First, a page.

Axel Ridtahler

Presentation by Axel Ridtahler

At the end of 2004 Axel Ridtahler invited music lovers to listen to his latest creations and to comment and discuss their impressions.

Axel Ridtahler presented full range drivers with exponential horn (front loaded) made of acrylic glass. Both, full range as well as bass, work like an open rear, dipole system. The horn ensures a vivacious, lively sound and provides - due to the virtual baffle extension - a perfect link to the subwoofer system at around 150 Hz. And besides, the dipolar radiation over the entire frequency range assures an extremely well balanced sound projection, forming a uniform and integrated whole. The full range sounded extremely convincing, vocals were delightful, a homogenous sound as one would expect from good drivers of this type.

The bass is a special treat. It's a variety of the dipole transducer. This arrangement, developed and patented by Axel Ridtahler shows a considerably lower resonance and is extremely compact. The optimised radiation pattern doesn't correspond to the typical "8" any longer, which is why this type of speaker is not a genuine dipole. To distinguish between a classical dipole and Ridtahler's variation the latter is affectionately called RiPol(e). There are two types of RiPoles: the BMS version - like the one we discuss here - with two bass drivers facing one another and the DRS version with only one bass driver, like described in Hobby HiFi.

We would like to point out that it does matter which bass driver is to be employed, which parameters these drivers need to have and how the cabinet is designed. In our example one active BMC RiPole was linked up to one horn. Axel Ridtahler

The picture on the left shows the RiPole schematically from the top with the cover removed.

The picture to the right shows the protruding magnets (next to Axel Ridtahler's hand) and the opening in the centre. Beneath the subwoofer a resonance decoupler is visible, beneath that a granite plate.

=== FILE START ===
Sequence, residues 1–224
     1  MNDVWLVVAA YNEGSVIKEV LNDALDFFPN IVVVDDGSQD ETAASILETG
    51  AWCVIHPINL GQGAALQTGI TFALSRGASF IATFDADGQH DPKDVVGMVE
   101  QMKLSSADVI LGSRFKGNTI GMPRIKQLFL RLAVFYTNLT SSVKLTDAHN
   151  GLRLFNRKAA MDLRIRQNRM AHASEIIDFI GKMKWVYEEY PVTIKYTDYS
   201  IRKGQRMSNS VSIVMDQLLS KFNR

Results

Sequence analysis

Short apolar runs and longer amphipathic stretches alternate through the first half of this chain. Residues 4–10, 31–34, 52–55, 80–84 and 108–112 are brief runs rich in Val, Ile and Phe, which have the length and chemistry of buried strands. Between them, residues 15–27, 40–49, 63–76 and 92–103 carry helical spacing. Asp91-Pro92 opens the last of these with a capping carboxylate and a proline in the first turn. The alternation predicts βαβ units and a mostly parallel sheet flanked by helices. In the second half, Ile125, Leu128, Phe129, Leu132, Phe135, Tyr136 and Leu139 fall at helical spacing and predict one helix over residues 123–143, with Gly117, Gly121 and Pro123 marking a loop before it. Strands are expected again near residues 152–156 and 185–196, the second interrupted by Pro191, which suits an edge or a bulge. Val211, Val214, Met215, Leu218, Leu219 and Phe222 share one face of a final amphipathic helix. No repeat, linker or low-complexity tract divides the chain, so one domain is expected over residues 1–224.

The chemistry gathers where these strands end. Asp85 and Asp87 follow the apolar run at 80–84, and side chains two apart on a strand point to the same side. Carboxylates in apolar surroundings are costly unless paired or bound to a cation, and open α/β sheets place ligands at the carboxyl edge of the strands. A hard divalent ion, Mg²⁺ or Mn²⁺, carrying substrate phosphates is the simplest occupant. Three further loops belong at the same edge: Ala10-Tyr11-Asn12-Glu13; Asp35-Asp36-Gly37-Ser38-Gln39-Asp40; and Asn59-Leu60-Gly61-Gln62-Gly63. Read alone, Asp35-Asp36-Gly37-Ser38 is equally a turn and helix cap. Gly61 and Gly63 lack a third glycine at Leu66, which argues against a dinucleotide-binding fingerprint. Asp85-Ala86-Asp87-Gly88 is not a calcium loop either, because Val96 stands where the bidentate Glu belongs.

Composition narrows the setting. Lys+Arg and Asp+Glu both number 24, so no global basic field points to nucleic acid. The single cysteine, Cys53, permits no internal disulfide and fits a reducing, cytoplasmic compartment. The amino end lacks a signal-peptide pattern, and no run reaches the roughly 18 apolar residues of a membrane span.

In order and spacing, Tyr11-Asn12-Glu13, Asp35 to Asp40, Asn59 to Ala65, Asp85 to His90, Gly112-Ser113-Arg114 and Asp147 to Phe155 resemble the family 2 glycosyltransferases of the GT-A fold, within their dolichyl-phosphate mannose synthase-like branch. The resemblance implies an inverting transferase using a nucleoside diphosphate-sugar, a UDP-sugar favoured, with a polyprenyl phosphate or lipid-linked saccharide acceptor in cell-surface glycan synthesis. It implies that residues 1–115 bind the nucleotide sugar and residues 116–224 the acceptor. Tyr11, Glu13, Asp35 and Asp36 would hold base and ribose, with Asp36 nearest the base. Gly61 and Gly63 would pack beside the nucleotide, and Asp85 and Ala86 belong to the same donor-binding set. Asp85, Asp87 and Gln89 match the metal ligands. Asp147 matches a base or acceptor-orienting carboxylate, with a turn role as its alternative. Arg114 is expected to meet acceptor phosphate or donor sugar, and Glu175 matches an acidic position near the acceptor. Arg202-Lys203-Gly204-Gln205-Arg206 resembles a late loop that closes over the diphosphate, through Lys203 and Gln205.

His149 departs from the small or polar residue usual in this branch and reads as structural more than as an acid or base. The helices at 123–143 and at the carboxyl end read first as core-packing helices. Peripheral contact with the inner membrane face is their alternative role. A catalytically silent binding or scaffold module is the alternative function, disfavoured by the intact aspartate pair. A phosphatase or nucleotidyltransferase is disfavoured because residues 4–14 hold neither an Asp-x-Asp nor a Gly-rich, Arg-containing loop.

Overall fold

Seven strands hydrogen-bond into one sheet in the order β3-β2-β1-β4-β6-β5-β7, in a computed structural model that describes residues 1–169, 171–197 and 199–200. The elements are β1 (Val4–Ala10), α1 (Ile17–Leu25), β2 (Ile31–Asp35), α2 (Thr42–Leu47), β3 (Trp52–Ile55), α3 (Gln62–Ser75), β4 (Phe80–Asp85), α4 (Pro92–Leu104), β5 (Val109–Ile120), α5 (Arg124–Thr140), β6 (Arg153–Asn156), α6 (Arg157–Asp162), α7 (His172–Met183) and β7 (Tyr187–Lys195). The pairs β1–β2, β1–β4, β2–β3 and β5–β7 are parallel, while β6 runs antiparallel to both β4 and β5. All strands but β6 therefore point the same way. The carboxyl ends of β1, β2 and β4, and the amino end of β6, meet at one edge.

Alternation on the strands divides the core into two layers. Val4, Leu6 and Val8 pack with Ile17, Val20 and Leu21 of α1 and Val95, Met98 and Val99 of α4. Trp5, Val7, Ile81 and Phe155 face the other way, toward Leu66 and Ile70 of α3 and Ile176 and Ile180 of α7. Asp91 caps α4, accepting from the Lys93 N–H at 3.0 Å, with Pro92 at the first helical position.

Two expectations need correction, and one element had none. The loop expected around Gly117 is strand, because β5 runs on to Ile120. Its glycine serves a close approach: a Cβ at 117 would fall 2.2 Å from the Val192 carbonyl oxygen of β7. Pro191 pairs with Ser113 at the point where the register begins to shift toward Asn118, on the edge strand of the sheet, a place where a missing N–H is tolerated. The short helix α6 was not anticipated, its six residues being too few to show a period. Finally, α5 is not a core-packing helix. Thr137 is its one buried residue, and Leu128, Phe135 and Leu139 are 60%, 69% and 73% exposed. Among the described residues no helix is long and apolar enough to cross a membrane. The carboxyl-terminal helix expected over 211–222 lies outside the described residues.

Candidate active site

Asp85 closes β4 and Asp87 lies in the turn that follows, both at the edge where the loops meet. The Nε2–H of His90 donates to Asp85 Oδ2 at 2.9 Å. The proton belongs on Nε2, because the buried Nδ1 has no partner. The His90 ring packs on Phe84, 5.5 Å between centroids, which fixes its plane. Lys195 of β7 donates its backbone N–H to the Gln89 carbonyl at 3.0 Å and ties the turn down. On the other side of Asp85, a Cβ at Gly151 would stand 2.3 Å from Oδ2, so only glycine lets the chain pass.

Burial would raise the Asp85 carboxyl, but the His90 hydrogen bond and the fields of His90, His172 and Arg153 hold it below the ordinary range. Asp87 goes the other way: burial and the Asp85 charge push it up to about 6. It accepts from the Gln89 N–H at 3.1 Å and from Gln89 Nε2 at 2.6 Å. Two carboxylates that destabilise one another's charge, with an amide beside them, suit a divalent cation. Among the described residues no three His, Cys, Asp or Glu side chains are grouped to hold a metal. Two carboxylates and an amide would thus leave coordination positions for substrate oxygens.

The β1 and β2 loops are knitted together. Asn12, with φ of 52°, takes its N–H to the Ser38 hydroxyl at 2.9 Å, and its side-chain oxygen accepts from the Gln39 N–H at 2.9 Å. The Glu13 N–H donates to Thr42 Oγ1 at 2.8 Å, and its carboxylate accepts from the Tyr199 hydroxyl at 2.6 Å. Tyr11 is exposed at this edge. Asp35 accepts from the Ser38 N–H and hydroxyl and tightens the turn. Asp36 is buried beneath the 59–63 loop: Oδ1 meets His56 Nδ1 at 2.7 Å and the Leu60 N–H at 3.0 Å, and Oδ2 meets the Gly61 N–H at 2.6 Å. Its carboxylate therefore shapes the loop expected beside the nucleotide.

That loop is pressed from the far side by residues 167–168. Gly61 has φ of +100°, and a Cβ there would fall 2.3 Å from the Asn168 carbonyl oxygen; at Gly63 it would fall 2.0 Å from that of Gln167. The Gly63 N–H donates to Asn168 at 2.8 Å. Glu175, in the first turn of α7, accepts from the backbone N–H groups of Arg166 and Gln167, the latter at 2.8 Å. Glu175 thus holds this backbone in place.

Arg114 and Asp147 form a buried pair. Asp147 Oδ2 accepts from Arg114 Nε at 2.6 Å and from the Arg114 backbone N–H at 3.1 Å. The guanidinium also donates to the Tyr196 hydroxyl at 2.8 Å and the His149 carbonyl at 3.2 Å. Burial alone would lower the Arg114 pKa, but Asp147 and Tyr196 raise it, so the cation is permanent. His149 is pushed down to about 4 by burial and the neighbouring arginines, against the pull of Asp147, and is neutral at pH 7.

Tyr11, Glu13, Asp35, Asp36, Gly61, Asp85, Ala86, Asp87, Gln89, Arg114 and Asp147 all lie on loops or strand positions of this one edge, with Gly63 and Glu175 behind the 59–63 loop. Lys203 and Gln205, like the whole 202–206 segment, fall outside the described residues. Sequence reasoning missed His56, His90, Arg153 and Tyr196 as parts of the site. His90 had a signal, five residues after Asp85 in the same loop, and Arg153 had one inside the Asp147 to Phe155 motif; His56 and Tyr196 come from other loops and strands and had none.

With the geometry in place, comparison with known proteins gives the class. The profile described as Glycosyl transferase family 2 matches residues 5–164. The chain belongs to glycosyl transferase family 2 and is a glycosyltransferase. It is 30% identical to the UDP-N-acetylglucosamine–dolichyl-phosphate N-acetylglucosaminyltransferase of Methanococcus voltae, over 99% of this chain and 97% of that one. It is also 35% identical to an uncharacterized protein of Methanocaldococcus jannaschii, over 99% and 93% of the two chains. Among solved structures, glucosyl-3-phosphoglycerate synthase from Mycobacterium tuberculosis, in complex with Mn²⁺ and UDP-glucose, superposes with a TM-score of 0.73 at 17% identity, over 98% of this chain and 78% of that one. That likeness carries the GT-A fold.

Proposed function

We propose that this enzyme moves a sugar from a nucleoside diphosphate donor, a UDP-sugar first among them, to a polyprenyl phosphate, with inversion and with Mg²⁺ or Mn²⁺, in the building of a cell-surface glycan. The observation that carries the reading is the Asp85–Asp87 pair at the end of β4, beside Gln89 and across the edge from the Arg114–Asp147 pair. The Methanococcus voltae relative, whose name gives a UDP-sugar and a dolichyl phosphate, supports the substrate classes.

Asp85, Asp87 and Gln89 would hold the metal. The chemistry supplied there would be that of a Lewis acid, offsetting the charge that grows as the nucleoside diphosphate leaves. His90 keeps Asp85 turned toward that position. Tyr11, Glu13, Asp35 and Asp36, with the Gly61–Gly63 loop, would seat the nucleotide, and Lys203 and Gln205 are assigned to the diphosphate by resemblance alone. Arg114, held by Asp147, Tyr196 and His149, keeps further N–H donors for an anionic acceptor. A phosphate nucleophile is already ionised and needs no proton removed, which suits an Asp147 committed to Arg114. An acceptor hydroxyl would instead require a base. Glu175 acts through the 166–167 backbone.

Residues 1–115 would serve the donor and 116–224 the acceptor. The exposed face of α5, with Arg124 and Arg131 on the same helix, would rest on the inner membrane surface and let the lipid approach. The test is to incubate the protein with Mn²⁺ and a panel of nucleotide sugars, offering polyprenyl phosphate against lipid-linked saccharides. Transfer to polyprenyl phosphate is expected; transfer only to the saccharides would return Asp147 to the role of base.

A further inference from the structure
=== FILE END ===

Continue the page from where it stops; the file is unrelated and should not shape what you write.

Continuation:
The listeners were rewarded with:

Especially the feature that room resonance and standing waves were less noticeable was impressive.

Axel Ridtahler explained the theory behind his sort-of-dipole. The most interesting aspect is that the resonance frequency drops through impedance transformation compared to the same driver not being mounted! This is astonishing since mounting a driver in a conventional cabinet increases the resonance frequency considerably.

In this context quite a fashionable loudspeakers system was discussed where the bass driver is operating below its resonance frequency (URPS). However, the alleged advantage of this design could not be confirmed by the audience.

Instead, all listeners were enthusiastic about the Ripole's performance. We would like to thank Axel Ridtahler for this extraordinary experience. We'll certainly keep in contact with him to gain more information and obtain more ideas for our DIY community. There is already a heated discussion going on and first results will be available soon.

The company Audioelevation, licensee of Axel Ridtahler's patents, is in charge of marketing the RiPole; some RiPole kits are available from us.

Publications about dipole (sub)woofers and RiPoles:
- STEREO 10/2002, pages 136 -138
- stereoplay 9/03, pages 30 - 38
- hifi&records 1/2004, page 58
- Hobby Hifi (DSR) 4+5/2002
- image HiFi 3/2003

Axel Ridtahler's comparison of different subwoofer systems you'll find here


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